The dermal absorption of selected agricultural and industrial chemicals through porcine skin with emphasis on chemical mixture effects

by Van der Merwe, Deon

Abstract (Summary)
VAN DER MERWE, DEON. The dermal absorption of selected agricultural and industrial chemicals through porcine skin with emphasis on chemical mixture effects. (Under the direction of Jim E. Riviere.) The stratum corneum is the primary barrier to dermal absorption and the processes of absorption include partitioning into, and diffusion through, the lipid matrix of the stratum corneum. These studies were aimed at furthering our understanding of these processes and modeling dermal absorption. We used 11 industrial and agricultural compounds, including 14C labeled phenol, 4-nitrophenol, pentachlorophenol, dimethyl parathion, parathion, chloropyrifos, fenthion, triazine, atrazine, simazine and propazine, and 24 solvent mixtures consisting of combinations of water, ethanol, propylene glycol, sodium lauryl sulphate and methyl nicotinate. Study methods included in vitro partitioning using isolated stratum corneum and permeability studies, Fourier transform infrared spectroscopy, multivariate clustering techniques, transmission electron microscopy and light microscopy. A model of dermal absorption was developed using a physiological-based (PBPK) approach. Ethanol and ethanol/water mixtures altered the stratum corneum through lipid extraction, rather than through disruption of lipid order. Partitioning was primarily determined by relative compound solubility between the stratum corneum lipids and the donor solvent. Permeability reflected the result of successive, complex processes and was not consistently correlated with stratum corneum partitioning. These results demonstrated the potential of using large datasets to identify consistent solvent and chemical mixture effects. Diffusion cell studies were conducted to validate the PBPK model under a variety of conditions including different dose ranges (6.3-106.9 mg/cm2 for parathion; 0.8-23.6 mg/cm2 for fenthion; 1.6-39.3 mg/cm2 for methyl parathion), different solvents (ethanol, 2-propanol and acetone), different solvent volumes (5-120 ml for ethanol; 20-80 ml for 2-propanol and acetone), occlusion versus open to atmosphere dosing, and corneocyte removal by tape-stripping. The study demonstrated the utility of PBPK models for studying dermal absorption, which can be useful as explanatory and predictive tools; and may be used for in silico hypotheses generation and limited hypotheses testing. These data have direct relevance to topical chemical exposure risk assessments.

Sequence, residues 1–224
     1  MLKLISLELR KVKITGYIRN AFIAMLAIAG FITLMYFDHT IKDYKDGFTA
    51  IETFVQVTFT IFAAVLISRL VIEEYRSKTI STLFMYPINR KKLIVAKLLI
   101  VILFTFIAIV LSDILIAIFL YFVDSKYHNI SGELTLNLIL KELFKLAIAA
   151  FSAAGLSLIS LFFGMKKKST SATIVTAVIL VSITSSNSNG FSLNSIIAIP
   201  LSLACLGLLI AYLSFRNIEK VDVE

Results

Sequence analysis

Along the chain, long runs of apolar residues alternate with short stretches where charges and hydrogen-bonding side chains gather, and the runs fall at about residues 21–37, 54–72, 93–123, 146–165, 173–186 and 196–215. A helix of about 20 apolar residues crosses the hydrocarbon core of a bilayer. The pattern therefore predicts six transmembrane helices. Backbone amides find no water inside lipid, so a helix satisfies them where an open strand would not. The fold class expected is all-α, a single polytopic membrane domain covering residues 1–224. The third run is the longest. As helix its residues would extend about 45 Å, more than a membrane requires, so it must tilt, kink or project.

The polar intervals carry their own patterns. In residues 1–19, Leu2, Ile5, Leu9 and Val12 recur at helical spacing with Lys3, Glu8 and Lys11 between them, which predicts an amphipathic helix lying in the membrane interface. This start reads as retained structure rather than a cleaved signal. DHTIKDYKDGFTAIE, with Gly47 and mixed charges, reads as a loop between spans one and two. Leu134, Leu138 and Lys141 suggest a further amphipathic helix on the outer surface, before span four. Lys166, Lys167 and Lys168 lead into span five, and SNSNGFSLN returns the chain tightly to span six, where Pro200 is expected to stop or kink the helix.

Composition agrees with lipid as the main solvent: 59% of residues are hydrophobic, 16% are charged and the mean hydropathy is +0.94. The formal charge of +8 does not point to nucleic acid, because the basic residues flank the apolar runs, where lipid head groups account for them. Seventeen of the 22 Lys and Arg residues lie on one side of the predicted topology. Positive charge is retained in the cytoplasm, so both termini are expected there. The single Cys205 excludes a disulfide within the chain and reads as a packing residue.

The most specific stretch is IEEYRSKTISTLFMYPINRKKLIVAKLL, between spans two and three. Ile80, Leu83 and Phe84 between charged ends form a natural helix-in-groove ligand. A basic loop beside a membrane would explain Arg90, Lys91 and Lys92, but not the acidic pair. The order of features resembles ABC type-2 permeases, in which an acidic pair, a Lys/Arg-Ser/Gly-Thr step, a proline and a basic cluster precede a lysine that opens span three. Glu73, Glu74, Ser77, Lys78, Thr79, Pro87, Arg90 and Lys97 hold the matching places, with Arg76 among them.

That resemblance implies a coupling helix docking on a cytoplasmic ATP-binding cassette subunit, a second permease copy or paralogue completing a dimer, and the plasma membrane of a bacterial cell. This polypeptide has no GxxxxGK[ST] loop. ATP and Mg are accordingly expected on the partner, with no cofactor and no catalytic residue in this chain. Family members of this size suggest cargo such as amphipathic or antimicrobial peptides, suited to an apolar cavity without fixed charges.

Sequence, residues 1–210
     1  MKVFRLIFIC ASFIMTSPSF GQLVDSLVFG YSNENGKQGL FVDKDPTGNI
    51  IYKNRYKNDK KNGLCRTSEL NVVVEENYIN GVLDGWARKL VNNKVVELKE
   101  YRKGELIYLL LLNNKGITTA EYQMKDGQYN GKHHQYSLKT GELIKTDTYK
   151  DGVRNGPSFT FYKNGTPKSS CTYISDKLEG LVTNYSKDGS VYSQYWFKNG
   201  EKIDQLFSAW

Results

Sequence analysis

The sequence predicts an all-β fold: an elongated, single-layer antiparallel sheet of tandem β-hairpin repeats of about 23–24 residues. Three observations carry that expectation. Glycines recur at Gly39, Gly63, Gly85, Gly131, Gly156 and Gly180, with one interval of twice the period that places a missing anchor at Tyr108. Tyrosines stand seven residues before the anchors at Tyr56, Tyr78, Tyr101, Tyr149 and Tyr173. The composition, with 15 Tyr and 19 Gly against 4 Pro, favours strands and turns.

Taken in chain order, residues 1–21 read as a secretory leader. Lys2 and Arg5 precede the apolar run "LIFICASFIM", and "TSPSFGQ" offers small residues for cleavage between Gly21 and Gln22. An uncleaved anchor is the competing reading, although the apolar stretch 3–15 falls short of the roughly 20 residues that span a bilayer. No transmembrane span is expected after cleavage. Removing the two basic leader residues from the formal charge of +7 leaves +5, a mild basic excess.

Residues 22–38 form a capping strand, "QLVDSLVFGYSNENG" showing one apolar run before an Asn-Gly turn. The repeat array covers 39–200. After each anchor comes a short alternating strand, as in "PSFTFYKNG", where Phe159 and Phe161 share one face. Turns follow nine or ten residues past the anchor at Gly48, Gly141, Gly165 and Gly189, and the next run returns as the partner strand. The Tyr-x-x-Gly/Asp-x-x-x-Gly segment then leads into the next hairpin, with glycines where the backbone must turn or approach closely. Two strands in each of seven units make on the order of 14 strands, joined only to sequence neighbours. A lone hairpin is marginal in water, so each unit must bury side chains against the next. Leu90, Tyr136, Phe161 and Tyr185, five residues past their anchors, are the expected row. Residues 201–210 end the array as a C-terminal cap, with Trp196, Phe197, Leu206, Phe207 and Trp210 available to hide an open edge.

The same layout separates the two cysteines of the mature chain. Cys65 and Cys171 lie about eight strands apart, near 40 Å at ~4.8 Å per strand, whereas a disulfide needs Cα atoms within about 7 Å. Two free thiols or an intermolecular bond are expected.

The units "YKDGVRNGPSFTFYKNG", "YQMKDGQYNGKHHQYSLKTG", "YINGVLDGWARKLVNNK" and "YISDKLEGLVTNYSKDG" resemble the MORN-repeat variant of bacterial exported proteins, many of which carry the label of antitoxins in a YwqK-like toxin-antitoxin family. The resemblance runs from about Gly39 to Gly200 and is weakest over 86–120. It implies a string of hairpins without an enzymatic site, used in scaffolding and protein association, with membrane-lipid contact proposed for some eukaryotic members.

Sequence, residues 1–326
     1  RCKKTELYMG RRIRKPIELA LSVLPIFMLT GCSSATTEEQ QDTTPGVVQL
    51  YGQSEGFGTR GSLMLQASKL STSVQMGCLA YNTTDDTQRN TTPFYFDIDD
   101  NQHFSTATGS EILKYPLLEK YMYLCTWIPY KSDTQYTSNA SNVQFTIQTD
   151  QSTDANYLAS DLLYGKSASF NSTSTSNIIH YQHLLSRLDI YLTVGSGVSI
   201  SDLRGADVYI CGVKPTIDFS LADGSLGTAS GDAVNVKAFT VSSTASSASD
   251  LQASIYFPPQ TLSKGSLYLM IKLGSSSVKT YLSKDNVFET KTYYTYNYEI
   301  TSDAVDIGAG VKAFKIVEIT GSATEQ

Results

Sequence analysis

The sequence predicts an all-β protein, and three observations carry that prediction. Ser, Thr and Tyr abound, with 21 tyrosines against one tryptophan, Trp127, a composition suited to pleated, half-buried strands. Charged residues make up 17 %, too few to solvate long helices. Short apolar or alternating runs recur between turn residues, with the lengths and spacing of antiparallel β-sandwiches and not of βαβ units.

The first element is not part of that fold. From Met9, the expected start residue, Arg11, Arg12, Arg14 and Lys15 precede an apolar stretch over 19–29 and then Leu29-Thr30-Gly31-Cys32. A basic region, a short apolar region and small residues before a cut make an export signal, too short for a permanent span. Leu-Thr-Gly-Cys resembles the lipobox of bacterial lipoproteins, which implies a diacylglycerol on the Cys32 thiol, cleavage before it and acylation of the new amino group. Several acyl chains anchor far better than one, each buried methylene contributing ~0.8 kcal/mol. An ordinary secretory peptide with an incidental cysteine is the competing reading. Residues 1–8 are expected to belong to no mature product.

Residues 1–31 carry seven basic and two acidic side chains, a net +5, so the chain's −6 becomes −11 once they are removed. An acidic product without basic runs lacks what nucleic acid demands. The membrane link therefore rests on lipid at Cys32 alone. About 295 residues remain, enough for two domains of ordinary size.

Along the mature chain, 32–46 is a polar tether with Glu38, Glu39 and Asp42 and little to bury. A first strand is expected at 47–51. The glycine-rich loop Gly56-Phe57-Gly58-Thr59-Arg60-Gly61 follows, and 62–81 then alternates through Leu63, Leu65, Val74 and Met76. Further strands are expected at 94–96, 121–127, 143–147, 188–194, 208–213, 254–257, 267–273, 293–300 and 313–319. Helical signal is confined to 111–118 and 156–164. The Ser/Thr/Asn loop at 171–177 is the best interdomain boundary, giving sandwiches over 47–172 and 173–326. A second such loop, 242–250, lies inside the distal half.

Bibliographical Information:

Advisor:Dr. Jim E. Riviere; Dr. Ronald E. Baynes; Dr. Nancy A. Monteiro-Riviere; Dr. Mark G. Papich

School:North Carolina State University

School Location:USA - North Carolina

Source Type:Master's Thesis

Keywords:comparative biomedical sciences


Date of Publication:10/24/2005

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